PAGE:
Latest Fitness News

13Oct
2023

More Than 7 Million Americans Have Gotten the New COVID Shots

More Than 7 Million Americans Have Gotten the New COVID ShotsFRIDAY, Oct. 13, 2023 (HealthDay News) -- Following a rocky rollout, more than 7 million Americans have now gotten the newly updated COVID vaccines.Unfortunately, that’s still lagging behind the number who sought booster shots last fall. For the the first updated boosters, 18 million people had received their shots by the same time last year, according to data from the the U.S. Centers for Disease Control and Prevention.This year's shots were updated to target circulating variants.About 91% of Americans ages 12 and up can now get the vaccines within five miles of home, as 14 million doses have been shipped to pharmacies and other vaccine sites. However, some people have reported trouble finding doses or getting insurance coverage for their shots, CNN reported, and distribution delays...

Doctor's Group Pulls Paper on 'Excited Delirium,' Often...

13 October 2023
Doctor`s Group Pulls Paper on `Excited Delirium,` Often Cited in Cases Involving Excessive Force by PoliceFRIDAY, Oct. 13, 2023 (HealthDay News) -- A paper that has been used in court cases to justify excessive police force was withdrawn Thursday by the American College of Emergency Physicians, a prominent doctor’s group.The paper, published in 2009, was on a condition referred to as “excited delirium.” “This [withdrawal] means if someone dies while being restrained in custody ... people can’t point to excited delirium as the reason and can’t point to ACEP’s endorsement of the concept to bolster their case,” Dr. Brooks Walsh, a Connecticut emergency doctor who pushed the organization to strengthen its stance, told the Associated Press. Walsh said the 2009 paper reinforced stereotypes. It said symptoms of the condition included unusual strength, pain tolerance and bizarre...

Abnormal Result on a Cancer Screen? Your Family Doctor...

13 October 2023
Abnormal Result on a Cancer Screen? Your Family Doctor Could Be Key to Follow-UpFRIDAY, Oct. 13, 2023 (HealthDay News) -- Extra efforts by primary care doctors to reach out to patients who need follow-up after an abnormal cancer test result leads to better results in getting that care, a new clinical trial shows.The trial involved nearly 12,000 patients who were receiving care at 44 primary care practices. They had overdue abnormal breast, cervical, colon or lung cancer screening results.To study this, the practices and their patients were randomly assigned among four different groups.One group received the usual care. A second got an automated reminder in their electronic health records (EHRs). A third received the reminder and outreach in the form of a patient letter followed by a phone call. The fourth group got everything that the second and third groups...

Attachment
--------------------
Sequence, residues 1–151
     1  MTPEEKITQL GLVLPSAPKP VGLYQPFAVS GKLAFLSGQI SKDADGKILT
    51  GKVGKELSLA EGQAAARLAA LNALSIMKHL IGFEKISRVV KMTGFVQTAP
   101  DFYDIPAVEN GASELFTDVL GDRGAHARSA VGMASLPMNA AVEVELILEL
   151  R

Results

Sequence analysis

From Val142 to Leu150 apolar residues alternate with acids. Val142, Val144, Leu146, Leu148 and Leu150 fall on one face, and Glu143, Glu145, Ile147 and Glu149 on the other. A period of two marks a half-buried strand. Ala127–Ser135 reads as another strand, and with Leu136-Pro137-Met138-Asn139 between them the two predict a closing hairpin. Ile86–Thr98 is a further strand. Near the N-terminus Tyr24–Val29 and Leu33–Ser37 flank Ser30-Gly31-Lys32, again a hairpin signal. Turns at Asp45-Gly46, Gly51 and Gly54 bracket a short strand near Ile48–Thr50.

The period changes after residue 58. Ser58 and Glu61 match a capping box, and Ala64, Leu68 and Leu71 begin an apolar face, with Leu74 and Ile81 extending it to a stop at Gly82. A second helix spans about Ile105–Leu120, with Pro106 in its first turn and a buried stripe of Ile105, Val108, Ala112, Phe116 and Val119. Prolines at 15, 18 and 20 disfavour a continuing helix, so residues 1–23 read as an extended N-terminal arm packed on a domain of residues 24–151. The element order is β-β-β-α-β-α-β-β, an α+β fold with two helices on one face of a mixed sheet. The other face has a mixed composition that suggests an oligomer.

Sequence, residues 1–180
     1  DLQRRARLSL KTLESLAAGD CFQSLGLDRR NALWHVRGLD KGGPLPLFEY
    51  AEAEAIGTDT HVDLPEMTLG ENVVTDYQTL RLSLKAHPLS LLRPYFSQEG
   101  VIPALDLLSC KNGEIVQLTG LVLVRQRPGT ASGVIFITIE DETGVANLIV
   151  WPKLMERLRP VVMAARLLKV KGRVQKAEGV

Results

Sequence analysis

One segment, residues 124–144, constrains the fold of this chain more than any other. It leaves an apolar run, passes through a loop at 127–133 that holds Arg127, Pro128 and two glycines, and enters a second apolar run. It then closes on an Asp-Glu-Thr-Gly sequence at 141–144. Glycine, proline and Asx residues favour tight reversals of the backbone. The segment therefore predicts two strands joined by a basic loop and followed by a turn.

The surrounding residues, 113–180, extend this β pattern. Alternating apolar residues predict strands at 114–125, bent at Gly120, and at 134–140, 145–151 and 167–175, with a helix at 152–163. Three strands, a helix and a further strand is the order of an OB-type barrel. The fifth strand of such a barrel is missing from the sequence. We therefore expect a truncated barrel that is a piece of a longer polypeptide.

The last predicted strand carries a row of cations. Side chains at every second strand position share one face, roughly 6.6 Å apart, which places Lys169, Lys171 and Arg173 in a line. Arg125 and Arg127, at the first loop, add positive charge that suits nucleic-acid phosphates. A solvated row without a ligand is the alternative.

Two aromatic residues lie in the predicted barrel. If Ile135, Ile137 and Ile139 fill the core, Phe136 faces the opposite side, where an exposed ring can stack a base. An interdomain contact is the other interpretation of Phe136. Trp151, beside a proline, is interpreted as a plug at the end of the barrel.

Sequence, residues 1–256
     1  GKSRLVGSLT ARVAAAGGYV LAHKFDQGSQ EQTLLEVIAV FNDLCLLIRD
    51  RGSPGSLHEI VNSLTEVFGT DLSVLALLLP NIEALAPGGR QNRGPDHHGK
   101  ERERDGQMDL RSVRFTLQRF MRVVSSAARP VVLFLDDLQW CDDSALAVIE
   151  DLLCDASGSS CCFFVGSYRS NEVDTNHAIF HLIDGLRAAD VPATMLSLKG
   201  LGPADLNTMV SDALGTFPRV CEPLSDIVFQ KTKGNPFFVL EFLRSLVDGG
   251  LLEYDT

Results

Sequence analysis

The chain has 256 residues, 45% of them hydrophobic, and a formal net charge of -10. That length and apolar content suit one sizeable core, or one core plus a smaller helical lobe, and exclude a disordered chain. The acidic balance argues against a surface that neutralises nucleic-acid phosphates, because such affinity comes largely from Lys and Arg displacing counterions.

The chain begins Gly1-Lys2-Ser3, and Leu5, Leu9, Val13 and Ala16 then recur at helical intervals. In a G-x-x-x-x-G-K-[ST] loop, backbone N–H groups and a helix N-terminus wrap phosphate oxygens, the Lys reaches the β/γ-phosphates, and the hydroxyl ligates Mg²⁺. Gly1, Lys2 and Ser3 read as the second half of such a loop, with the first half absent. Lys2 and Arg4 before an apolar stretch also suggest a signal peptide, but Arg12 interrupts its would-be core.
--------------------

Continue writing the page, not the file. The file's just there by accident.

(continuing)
Latest AI Has 100% Success Rate in Spotting Melanomas

13 October 2023
Latest AI Has 100% Success Rate in Spotting MelanomasFRIDAY, Oct. 13, 2023 (HealthDay News) -- The ability to detect skin cancer using artificial intelligence (AI) software has rapidly improved.New research presented Wednesday at a medical conference in Berlin shows that this AI technology now has a 100% detection rate for melanoma, the most serious form of skin cancer.In this study, researchers assessed more than 22,000 patients with suspected skin cancers over 2-1/2 years. Besides detecting all 59 cases of melanoma, the new software was 99.5% accurate in detecting all skin cancers, missing 1 of 190. It was 92.5% effective at identifying pre-cancerous lesions."This study has demonstrated how AI is rapidly improving and learning, with the high accuracy directly attributable to improvements in AI training techniques and the quality of...

When Lung Cancer Strikes the Young, Women Face Higher Risks Than Men

13 October 2023
When Lung Cancer Strikes the Young, Women Face Higher Risks Than MenFRIDAY, Oct. 13, 2023 (HealthDay News) -- New research uncovers troubling trends for lung cancer in young and middle-aged women. Cancer incidence in young women is higher than it is in men, a continuing trend, and now that extends to women over age 50, reversing historical patterns. “These findings are very concerning,” said study lead author Dr. Ahmedin Jemal, senior vice president of surveillance and health equity science at the American Cancer Society.“We don’t know why lung cancer incidence rates among younger and middle-aged individuals are now higher in women than men, reversing the historical pattern,” Jemal noted in a cancer society news release. “Cigarette smoking prevalence, the major risk factor for lung cancer in the United States, is not higher in younger women...
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